You had a fight with your girlfriend, and she broke up with you. You know you could clear up any misunderstanding, if only she would listen. So you dialed her number repeatedly hoping she would finally answer her phone. Next thing you know, the police are at your door, and you are being charged with telephone harassment. What did you do wrong, and what can you do about it?

In Illinois, you may be guilty of a Class B Misdemeanor, punishable by up to 6 months in prison and a $1,500 fine, if you cause another person’s phone to ring repeatedly with the intent of harassing them. You may also be charged with telephone harassment if you called someone intending to threaten them, whether or not a conversation actually took place. You also cannot make obscene or indecent comments intending to offend another person. You may be charged even if you did not make the calls yourself, but simply allowed someone else to use your phone.

A second offense of telephone harassment can boost your charge to a Class A Misdemeanor, punishable by up to one year and a $2,500 fine. If guilty, the Court must sentence you to a mandatory minimum 14-day jail sentence or 240 hours of community service.

If you have three or more prior violations within the last 10 years, your charge can increase to a Class 4 Felony, punishable by one to three years. Likewise, you can be charged with a Class 4 Felony if 1) you harass the same person or a member of their family more than once, 2) you threaten to kill your victim or someone in their family, 2) you have a prior forcible felony conviction, 3) your victim was a minor, or 4) you were on bail or you violated probation or supervision at the time.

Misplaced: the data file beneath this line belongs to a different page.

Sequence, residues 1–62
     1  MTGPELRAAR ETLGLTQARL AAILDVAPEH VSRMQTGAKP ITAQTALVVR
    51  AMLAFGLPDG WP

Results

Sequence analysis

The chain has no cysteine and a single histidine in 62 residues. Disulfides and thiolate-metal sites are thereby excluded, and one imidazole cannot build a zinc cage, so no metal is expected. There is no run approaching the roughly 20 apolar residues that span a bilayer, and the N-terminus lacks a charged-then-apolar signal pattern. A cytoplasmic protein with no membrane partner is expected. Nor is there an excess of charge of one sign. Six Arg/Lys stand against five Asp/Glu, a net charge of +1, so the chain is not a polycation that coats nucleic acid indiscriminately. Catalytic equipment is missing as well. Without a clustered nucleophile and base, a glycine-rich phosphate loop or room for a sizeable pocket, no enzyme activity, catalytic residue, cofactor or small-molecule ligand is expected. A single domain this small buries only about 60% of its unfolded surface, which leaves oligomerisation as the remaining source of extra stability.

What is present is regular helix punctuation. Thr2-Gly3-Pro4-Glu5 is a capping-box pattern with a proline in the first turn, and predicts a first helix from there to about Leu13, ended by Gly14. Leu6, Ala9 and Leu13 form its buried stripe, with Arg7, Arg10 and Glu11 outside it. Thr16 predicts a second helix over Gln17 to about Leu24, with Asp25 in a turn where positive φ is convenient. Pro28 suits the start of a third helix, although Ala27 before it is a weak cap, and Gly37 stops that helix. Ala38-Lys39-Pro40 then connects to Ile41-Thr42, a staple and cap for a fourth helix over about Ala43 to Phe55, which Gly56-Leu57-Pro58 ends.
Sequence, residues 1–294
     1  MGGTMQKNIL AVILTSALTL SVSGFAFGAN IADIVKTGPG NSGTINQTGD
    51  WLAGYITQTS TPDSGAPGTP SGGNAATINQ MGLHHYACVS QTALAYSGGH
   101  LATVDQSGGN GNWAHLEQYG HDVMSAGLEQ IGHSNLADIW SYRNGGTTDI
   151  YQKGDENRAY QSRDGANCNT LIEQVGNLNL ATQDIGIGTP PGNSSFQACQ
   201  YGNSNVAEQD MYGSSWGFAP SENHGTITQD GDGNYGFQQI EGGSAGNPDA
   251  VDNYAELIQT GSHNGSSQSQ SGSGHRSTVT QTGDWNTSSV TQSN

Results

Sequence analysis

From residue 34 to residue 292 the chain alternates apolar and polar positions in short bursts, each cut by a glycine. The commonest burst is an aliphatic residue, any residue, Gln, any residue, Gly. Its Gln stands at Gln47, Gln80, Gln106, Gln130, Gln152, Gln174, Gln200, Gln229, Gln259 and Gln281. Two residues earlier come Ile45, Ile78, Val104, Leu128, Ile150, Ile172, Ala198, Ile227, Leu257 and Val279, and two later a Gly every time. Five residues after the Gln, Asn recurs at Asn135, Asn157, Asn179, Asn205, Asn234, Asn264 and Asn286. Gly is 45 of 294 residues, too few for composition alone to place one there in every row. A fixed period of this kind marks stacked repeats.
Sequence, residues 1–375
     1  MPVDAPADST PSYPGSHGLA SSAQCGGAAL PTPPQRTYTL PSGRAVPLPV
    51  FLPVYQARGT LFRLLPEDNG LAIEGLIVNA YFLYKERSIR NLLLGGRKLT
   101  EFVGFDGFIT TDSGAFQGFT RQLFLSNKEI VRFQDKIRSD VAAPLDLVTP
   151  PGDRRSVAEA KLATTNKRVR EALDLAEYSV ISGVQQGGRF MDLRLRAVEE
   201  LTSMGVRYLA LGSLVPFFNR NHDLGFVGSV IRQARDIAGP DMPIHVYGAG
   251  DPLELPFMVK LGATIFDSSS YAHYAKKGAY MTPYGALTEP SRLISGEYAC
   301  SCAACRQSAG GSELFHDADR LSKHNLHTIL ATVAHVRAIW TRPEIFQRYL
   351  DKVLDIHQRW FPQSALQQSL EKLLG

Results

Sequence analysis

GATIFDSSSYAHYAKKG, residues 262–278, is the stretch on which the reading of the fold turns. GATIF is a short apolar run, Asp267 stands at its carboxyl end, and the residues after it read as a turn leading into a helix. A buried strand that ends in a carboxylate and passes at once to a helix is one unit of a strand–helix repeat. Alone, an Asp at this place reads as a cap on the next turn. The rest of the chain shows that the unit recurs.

If you are charged with Telephone Harassment, you should immediately contact an attorney. If you are in police custody, tell the police specifically: “I wish to invoke my right to remain silent” and “I wish to have an attorney.” Do not discuss your case with anyone either in person or by electronic means, such as email, texting or on a Facebook-type page. Whatever you do, do not try to contact the victim! Trying to explain yourself may instead help the prosecutor seal their case.

How can you defend your case? First, the state has the burden of proving you guilty beyond a reasonable doubt. Was it you who actually made the calls? Can the state prove you did? If someone else was using your phone, did you knowingly permit them? Did you have the required intent to offend or harass the victim when making the calls? Keep in mind that using obscene language creates a presumption that you meant to offend, but that presumption might still be challenged. Even if the evidence against you is strong, an experienced attorney may help you work out a more beneficial plea agreement than you could on your own.

If you have any questions about the criminal offense of telephone harassment, feel free to contact Matt Keenan at 847-568-0160 or matt@mattkeenanlaw.com

(Besides Skokie, Matt Keenan also serves clients in the communities of Arlington Heights, Buffalo Grove, Chicago, Deerfield, Des Plaines, Evanston, Glenview, Highland Park, Kenilworth, Morton Grove, Mount Prospect, Niles, Northbrook, Palatine, Park Ridge, Rolling Meadows, Schaumburg, Wilmette and Winnetka.)

Spread the love
This entry was posted in arrest, Class 4, class 4 felony, criminal charges, misdemeanor, phone harrassment, violation of probation, violation of supervision. Bookmark the permalink.

Leave a Reply